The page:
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Haitian reality under occupation

No normality, little food, heavy repression

By G. Dunkel

Gérard Latortue, the Boca Raton, Fla., business consultant appointed defacto prime minister after the Feb. 29 coup against Haitian President Jean-Bertrand Aristide, visited France and Belgium May 12-14.

The main purpose of his trip--besides pleading for money from the European Union--was to renounce Aristide's demand for $21 billion in reparations from France.

After a slave revolution won independence in 1804, former colonial power France forced Haiti to pay 150 million gold francs to be recognized as a nation. No other initiative in Aristide's second term as president created as much enthusiasm and interest among the masses as the reparations demand.

In an interview with Le Monde May 13, Latortue asserted that Haiti doesn't have a legal right to the $21 billion, but that France does indeed have a moral obligation to provide aid. He said it could come in the form of a "line of credit"--most of it to be spent importing French products.

In their campaign to oust the democratically elected Aristide, the United States. and EU reneged on promises of financial aid. Instead they imposed devastating economic sanctions on the Western Hemisphere's poorest country, while assembling a rebel force of former military and death squad members in the neighboring Dominican Republic.

Aristide asserts that U.S. military personnel kidnapped him and forced him to leave Haiti.

Though more than two months have passed since the U.S./French-backed coup, foreign aid has not resumed. Latortue counseled patience. He told Le Monde, "I have worked too long for the United Nations not to know the slowness of the system."

His visit to France did have a slight payoff. French Foreign Minister Michel Barnier made a 24-hour visit to Port-au-Prince on May 15. It was the first visit by a top French diplomat in the 200 years since Haitian independence. Barnier promised a 1 million Euro grant to help pay back wages.

Latortue may see the necessity of patience. But Haiti's people, watching their children sometimes go days without food, don't have that luxury.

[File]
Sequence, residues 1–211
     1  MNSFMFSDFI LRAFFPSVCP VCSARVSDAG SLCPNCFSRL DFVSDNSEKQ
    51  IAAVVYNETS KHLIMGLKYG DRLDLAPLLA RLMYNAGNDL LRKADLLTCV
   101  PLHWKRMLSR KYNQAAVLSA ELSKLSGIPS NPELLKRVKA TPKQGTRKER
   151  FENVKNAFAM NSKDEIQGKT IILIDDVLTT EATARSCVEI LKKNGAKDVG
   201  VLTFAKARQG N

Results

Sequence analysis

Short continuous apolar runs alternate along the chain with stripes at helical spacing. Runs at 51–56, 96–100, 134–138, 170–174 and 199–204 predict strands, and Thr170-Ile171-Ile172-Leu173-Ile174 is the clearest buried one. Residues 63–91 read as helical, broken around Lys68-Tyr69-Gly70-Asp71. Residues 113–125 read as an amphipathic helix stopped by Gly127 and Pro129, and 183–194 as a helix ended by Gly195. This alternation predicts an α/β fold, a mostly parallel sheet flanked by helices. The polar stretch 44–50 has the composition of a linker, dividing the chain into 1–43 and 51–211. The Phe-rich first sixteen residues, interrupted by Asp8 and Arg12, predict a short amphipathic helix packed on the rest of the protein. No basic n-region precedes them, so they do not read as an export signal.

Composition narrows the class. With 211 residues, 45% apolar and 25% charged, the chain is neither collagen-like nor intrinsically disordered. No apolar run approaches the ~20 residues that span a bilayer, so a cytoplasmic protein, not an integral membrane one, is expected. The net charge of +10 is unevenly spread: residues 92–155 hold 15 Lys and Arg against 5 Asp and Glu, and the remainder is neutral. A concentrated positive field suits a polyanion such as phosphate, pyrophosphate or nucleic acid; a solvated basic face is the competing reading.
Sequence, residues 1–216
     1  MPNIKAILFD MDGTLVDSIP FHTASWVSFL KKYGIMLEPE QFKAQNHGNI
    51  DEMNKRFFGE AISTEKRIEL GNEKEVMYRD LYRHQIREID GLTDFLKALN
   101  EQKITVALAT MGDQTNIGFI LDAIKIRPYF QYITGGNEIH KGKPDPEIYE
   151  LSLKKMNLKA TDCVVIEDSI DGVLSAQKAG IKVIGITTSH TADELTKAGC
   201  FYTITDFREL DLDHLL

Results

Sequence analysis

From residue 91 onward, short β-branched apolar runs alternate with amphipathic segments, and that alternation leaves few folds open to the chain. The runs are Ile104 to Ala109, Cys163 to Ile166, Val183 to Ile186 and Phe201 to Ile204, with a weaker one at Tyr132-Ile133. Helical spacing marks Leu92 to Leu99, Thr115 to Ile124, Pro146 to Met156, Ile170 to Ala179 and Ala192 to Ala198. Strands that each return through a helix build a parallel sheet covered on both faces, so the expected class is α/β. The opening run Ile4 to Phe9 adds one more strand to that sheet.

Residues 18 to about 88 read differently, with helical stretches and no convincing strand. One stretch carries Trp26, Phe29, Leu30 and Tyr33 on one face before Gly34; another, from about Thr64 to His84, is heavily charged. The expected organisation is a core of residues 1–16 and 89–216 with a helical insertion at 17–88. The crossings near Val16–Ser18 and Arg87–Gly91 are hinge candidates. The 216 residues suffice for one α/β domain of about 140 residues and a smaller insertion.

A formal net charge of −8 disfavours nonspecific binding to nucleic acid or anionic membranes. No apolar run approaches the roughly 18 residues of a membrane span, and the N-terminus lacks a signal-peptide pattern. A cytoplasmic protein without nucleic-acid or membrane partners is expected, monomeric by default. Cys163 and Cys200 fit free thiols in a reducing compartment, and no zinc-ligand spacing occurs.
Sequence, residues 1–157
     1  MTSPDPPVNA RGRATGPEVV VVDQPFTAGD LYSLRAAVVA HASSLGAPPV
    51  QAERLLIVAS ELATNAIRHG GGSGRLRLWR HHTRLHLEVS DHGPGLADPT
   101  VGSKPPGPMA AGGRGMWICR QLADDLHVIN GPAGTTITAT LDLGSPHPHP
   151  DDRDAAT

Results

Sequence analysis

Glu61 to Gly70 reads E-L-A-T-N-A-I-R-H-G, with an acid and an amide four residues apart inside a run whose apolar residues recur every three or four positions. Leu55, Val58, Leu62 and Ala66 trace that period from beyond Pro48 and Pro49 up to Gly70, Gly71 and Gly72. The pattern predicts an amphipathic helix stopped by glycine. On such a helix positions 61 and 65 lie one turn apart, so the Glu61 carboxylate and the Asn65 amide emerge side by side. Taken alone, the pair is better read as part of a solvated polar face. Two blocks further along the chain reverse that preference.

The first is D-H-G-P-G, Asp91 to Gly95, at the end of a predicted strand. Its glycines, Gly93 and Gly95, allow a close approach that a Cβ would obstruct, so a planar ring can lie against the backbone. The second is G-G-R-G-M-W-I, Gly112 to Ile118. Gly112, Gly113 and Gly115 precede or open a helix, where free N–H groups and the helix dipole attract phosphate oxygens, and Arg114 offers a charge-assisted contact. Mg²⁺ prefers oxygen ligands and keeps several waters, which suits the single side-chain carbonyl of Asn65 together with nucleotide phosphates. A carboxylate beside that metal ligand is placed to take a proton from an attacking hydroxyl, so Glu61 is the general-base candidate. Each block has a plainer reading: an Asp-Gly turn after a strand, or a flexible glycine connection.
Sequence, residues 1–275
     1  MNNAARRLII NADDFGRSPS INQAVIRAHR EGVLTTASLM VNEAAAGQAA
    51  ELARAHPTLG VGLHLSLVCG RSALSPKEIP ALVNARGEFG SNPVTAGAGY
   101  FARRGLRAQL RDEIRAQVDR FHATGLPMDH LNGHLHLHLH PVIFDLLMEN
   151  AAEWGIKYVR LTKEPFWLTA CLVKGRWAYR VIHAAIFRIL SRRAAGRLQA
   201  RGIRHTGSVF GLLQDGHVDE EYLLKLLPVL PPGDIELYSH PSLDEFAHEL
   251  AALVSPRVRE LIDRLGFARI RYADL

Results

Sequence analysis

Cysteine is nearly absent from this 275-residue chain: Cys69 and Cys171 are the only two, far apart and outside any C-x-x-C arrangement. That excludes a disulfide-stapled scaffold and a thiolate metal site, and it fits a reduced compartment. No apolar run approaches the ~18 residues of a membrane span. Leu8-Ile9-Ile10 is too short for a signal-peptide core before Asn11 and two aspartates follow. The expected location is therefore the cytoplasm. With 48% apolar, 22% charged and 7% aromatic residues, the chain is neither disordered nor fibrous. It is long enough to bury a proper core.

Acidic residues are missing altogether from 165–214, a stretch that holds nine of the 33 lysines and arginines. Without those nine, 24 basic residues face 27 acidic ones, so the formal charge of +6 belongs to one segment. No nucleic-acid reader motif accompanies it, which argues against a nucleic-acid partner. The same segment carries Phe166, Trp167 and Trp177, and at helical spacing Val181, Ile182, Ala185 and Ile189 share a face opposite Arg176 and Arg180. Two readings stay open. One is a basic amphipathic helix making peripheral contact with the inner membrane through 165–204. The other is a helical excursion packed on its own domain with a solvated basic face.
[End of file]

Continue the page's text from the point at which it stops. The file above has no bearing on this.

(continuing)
Many Haitian workers can only afford a meal every other day--if they are working. But many workers don't even have a job. Unemployment is 70 percent.

Teleco, the telephone company that is 90-percent government-owned, has announced plans to lay off half its workers--some 2,000 people. (Associated Press, May 12)

Some education and public-health workers haven't been paid for months.

Police and army

Adding to the already chaotic situation, the rebels who attacked Aristide's government in January and February have dissolved local police forces, freed human-rights abusers from prisons, and usurped control of the courts.

Aristide, near the end of his first term in the mid-1990s, had disbanded the Haitian Army, long known for its bloody repression of the masses.

The May 5 edition of Haiti Progress reported that Latortue and Interior Minister Gen. Hérard Abraham recently announced the re-establishment of the Haitian National Police (PNH). This is a first step toward reconstituting the army, said Haiti Progress, noting that Abraham had invited ex-soldiers to present their resumes to the National School of Justice May 2. Demonstrations were held in rebel strongholds that day demanding the Army's reconstitution.

If the old Haitian Army had continued to exist, the local capitalist class and their U.S. masters wouldn't have had to go to the trouble of building a rebel force of ex-army officers, Tonton Macoutes and FRAPH death squad goons to overthrow Aristide. They could have just ordered a military coup.

The bourgeoisie needs its bourgeois army, police force and justice system--the capitalist state--to effectively maintain its for-profit social order. Latortue and Abraham are maneuvering to strengthen that state, even if the Haitian Army's bloody history makes it difficult to openly proclaim this intention.

This article is copyright under a Creative Commons License.
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